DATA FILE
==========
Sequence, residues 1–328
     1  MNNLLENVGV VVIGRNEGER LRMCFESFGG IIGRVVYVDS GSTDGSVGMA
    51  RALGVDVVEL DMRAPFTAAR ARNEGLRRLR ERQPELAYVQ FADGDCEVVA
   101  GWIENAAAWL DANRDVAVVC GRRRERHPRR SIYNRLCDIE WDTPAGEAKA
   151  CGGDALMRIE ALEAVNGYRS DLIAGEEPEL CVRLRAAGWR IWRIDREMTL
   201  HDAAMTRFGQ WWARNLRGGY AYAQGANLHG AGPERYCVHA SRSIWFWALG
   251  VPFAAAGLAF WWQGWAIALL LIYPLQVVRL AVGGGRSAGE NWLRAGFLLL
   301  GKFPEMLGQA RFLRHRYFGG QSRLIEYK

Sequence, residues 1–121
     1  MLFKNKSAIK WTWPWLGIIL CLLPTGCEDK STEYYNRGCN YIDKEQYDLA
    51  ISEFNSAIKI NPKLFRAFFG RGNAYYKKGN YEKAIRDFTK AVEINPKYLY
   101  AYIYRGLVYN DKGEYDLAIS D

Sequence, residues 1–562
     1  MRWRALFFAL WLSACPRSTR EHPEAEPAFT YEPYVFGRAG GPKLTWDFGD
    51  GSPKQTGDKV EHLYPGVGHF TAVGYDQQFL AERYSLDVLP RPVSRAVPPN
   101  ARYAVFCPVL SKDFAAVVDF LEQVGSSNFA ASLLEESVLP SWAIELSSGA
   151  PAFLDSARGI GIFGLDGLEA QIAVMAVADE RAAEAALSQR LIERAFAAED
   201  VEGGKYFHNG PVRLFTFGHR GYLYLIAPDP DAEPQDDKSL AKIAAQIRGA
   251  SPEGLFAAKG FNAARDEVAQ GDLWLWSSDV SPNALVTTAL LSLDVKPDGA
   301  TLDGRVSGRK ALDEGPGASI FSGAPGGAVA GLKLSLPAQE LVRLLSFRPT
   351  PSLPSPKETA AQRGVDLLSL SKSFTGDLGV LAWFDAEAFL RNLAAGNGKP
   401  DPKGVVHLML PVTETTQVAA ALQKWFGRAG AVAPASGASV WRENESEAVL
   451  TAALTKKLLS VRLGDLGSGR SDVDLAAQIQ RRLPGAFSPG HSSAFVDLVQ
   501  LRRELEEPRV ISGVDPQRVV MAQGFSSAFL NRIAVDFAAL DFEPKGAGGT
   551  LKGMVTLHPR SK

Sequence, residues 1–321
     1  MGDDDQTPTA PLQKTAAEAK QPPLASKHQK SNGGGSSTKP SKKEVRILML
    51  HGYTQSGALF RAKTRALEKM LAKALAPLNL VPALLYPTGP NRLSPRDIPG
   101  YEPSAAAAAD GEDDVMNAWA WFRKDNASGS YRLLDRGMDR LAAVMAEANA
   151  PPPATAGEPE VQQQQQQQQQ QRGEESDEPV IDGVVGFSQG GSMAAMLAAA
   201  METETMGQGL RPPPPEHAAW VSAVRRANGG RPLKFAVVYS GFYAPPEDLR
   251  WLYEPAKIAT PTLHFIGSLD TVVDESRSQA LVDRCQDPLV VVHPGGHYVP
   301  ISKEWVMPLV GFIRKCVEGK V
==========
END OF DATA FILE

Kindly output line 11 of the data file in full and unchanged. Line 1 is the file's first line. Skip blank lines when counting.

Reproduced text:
    51  ISEFNSAIKI NPKLFRAFFG RGNAYYKKGN YEKAIRDFTK AVEINPKYLY